Watermelon Pickles and Records for the Blind

The ticking of a hand-wound clock and the voice of my father’s aunt were what I first noticed as I tried to sit quietly on a Victorian chair with curved wooden legs and a not-very-soft needlepointed seat. I wasn’t able to sit still for long. “Go into the kitchen and get a watermelon pickle,” my great-aunt said merrily. Legally blind due to glaucoma, she could see only shadows and silhouettes. I was an avid reader as a child, so blindness terrified me. Although she applied drops to her cloudy eyes, there were limited treatments and no cure in 1965.

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Apocalyptic Ping-Pong

So tired of wildfire smoke and pandemic and stress.

So grateful for clearer skies this weekend, my son’s team winning their soccer tournament, the brief moment of clean-enough air yesterday evening that allowed me to ride my horse and feel a moment of balance before diving into a new week.

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Where Faith and Public Health Meet

Today I participated in a vaccination effort that was conducted at a church. Over the past few weeks, I have been reading about the faith community’s varied responses to the pandemic. While disappointed with the responses of some religious leaders, I was encouraged by others.

Today’s event brought me a sense of hope. It felt like a true meeting point of the faith and public health communities.

In the midst of all the hustle and bustle, I managed to ask some of the patients we saw about their everyday lives. A young woman told me she was working and schooling

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This winter, it seemed to me that silver linings were popping up everywhere, like starbursts cast as fairy dust from Tinkerbell’s wand. Everyone seemed to be finding them, but few had any meaning for me. When the vaccine first became available in the new year, I was desperate to get it. Newly diagnosed with cancer, I wanted all the extra protection I could get. I have now received both vaccines and do, indeed, feel safer.

But I’m still not seeing any silver leaking from the sky. Like a horse with blinders, I can see only straight ahead,

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I’ll Trade You

I will say you can have your silver linings. Keep them. Save them for when you need them and then see how wonderful they don’t feel. 

Understand what the price of one really is. Yes, I have learned to be grateful for the small, everyday mercies. And I really am, on most days. Yes, I know others have it much worse. Yes, maybe I am stronger, wiser, kinder. But actually I won’t ever know, will I?  Because there isn’t another me to compare it to. Yes, character, courage, all those things. But what if I would have been okay–and I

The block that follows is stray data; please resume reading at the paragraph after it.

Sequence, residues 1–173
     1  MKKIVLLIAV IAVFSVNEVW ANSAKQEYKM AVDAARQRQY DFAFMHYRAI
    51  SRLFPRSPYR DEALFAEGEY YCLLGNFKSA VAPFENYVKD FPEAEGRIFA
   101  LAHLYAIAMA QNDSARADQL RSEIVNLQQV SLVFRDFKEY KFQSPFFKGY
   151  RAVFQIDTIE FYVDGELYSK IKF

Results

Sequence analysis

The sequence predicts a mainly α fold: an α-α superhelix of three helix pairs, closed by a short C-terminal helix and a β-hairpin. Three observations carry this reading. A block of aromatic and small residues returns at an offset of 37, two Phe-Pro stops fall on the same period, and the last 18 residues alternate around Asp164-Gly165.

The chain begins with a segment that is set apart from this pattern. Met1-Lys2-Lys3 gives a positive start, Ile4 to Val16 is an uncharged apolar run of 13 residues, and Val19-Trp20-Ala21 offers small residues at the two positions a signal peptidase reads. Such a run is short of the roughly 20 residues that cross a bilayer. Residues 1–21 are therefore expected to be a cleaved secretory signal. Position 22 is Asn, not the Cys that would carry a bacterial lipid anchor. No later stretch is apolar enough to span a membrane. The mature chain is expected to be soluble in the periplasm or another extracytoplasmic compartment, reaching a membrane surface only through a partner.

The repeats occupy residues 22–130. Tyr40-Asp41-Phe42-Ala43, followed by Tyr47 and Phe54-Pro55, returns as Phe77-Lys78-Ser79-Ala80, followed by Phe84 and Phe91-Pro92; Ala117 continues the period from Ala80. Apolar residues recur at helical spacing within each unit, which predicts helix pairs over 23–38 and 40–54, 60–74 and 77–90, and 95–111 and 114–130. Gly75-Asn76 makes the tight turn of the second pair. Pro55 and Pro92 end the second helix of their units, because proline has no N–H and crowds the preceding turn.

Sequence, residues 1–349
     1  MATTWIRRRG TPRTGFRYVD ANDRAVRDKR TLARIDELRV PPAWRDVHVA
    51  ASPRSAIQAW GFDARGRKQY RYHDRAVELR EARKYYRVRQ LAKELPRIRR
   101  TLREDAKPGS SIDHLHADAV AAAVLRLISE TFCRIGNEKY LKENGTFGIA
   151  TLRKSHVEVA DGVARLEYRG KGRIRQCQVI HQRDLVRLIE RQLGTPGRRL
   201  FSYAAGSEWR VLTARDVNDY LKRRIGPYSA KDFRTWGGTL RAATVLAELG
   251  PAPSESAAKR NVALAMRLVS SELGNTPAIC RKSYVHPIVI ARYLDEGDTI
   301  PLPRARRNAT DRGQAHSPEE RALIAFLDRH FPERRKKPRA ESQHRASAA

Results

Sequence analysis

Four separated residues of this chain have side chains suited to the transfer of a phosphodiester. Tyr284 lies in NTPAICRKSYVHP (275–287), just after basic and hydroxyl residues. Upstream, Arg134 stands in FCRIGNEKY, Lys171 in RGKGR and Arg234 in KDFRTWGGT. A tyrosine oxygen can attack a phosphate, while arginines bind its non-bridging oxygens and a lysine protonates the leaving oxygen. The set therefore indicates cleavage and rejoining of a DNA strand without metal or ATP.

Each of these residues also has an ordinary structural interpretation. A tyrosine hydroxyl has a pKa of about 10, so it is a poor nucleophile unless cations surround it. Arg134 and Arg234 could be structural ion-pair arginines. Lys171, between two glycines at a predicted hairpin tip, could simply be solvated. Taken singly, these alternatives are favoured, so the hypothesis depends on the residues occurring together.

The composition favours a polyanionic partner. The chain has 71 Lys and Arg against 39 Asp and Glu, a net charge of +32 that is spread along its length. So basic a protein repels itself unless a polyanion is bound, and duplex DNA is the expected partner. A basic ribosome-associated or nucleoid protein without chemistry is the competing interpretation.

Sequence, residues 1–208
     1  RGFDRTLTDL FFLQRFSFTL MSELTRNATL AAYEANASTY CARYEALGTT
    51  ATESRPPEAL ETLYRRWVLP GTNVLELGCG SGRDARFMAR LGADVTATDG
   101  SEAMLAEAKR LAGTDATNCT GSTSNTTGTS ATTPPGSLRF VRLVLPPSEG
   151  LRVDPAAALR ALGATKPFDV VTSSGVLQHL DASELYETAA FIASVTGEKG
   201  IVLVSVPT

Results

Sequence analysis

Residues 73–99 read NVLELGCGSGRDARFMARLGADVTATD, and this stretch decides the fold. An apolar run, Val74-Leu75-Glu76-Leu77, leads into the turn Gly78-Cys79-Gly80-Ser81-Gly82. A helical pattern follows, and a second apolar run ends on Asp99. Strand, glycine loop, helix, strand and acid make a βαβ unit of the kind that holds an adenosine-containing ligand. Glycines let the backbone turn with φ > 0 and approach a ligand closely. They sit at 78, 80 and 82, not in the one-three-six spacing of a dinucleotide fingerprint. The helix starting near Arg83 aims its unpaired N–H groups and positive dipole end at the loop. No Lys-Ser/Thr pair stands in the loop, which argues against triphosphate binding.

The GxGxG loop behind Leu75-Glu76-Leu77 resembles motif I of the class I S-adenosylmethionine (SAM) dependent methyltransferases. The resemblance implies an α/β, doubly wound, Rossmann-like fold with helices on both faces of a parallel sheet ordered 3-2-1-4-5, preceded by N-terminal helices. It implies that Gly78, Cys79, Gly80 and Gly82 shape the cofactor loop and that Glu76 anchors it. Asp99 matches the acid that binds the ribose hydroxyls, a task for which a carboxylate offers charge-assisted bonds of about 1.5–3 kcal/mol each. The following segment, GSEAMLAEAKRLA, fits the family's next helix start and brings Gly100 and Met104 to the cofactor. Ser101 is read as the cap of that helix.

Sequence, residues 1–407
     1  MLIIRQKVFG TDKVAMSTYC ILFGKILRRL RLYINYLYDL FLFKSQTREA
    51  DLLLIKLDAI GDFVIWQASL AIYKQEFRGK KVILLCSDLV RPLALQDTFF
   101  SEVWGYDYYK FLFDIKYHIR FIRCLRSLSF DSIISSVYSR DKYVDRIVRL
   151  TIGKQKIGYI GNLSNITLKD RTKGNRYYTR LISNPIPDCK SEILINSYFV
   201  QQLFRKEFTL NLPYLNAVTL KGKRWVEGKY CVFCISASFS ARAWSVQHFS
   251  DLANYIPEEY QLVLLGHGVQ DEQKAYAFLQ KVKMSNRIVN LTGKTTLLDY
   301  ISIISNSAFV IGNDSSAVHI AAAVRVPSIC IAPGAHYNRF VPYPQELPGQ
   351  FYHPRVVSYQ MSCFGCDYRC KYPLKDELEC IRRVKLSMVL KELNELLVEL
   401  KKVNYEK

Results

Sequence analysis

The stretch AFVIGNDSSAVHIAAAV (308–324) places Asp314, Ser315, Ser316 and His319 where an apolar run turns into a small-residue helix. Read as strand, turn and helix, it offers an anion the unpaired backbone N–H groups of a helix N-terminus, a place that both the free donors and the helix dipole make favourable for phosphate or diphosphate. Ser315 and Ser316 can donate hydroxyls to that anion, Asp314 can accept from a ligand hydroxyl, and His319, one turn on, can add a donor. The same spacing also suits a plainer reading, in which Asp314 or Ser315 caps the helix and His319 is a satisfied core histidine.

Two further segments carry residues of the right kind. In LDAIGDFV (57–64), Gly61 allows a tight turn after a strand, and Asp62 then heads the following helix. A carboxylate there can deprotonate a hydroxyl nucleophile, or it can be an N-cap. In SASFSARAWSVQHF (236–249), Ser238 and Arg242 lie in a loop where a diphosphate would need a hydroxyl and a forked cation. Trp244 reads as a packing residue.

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Many Happy Returns

As we mark one year of COVID-19, I am reminded of my uncomfortable relationship with anniversaries. Cyclic completion may warrant celebration, but also self-monitoring: How many of my goals have I met this year? What have I missed? What can I do better next year? Under this lens of surveillance, any repetition can start to look like regression. Circular time, for all its recurrences and renewals, chafes against the idea of linear time, which prizes productivity, trackable progress toward an aim, a forward-looking mindset.

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Who Will Buy the King Cake?

I have anxiety. I can freely admit it and even laugh at myself now that years and years separate my terror from my present. I can acknowledge that it is better for me to stay on an SSRI consistently after several starts and false stops over the past two decades.

I have always gone to work and cared for the children and put one foot in front of the other and put on a brave face. But I have been nearly convinced at different times over the years that I had congenital heart disease, lymphoma, esophageal/ovarian/breast/brain/pancreatic cancer, hemochromatosis,

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À Cause de la Guerre

It was the winter of 1991. We were a group of 25 or so Dartmouth College students on a language study abroad (LSA) program in Lyon, France. A few days after our arrival, the United States led a multinational coalition in an intensive bombing campaign against Iraq. This made Americans quite unpopular in Lyon.

When we’d enrolled in the LSA, we’d envisioned train-hopping through Europe during our free time, notre temps libre. We’d imagined bonding together over cheap French wine, chocolate croissants, and buttery baguettes. Instead, we had the war. La guerre.

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The Gift of Friendship

Even before COVID, I tended to live an isolated life. I interacted with my colleagues and students at the Writing Center where I worked, and I chatted with other ushers at cultural events—but once I was at home, I welcomed the silence and aloneness that my apartment offered. COVID, however, has made me more cognizant of the value of people—of how friends have provided a silver lining to the darkness of this pandemic.

I wonder what I would have done if the parents of the children I tutor had not reached out to me during these past twelve months. They

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An Editor’s Invitation: Silver Linings

Dear Pulse readers,

I’d like to think that every cloud has a silver lining, and every unfortunate occurrence brings moments of grace.

That’s sometimes true with illness.

When my Belgian mother became ill with Alzheimer’s, it brought headaches and heartaches. After every fall or episode of getting lost, we’d try to talk with her about the future. Her answer was always the same: “I’ll cross that bridge when I get to it.”

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